Archive for August, 2009

Hmmm…sucks to be OLD!

August 22, 2009

A few days ago I was clicking through some triple jump videos on youtube and I came across a video of me in 1983 at the first World Athletics Championships in Helsinki, Finland.  It showed the typical Willie Banks “show” and I seemed to be having fun as usual.  I thought to myself with a smile how crazy I was when I was young and talented.  What a great time I had when I was competing.  When I was young I thought there was no one else who was having as much fun as I was at that time.

After a few seconds of reminiscing I turned to the comments.  The first few comments were fairly typical.  Then I came to a comment that was a little disturbing.  The writer said that I looked like I was on drugs.  I was completely shocked.  How could someone think that because I was having fun that I was on some type of drug?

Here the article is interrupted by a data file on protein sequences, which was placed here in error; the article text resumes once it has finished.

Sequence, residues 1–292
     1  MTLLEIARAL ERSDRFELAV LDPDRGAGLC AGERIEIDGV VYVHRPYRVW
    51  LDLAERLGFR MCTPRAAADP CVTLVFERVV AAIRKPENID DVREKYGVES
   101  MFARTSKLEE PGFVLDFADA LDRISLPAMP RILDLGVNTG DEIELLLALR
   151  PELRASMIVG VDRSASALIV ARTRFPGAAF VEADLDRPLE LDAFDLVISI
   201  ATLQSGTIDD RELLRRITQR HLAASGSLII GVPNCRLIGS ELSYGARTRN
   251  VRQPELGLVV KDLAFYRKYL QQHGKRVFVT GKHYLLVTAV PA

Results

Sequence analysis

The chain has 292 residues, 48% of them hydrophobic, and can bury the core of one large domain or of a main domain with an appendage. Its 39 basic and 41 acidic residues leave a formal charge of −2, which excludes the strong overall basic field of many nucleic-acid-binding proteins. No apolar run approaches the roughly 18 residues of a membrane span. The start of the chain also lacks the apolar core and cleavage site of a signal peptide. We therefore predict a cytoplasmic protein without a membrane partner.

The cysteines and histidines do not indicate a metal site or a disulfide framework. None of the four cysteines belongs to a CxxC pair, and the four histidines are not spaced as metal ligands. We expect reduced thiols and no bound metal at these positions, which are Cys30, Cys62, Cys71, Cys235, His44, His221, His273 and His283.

At first I was offended and wanted to fire off a “zinger” to the “idiot”.  But, upon reflection, I realized that young people today have no idea who I was and what I did in the triple jump.  They don’t know how I got started nor how much fun I had at all competitions, win or lose.  In fact, most young people have no idea that I started the clapping.  Well, I guess it is my fault for getting old…

Fortunately, now there is the internet that can be used to talk about the old days and compare them to the present.  We can discuss history and the future of the triple jump.  I find comfort in knowing that the writer was ignorant and not stupid.  Hopefully, one day the writer will read about the history of the triple jump and realize that the event is more special than he can possibly imagine.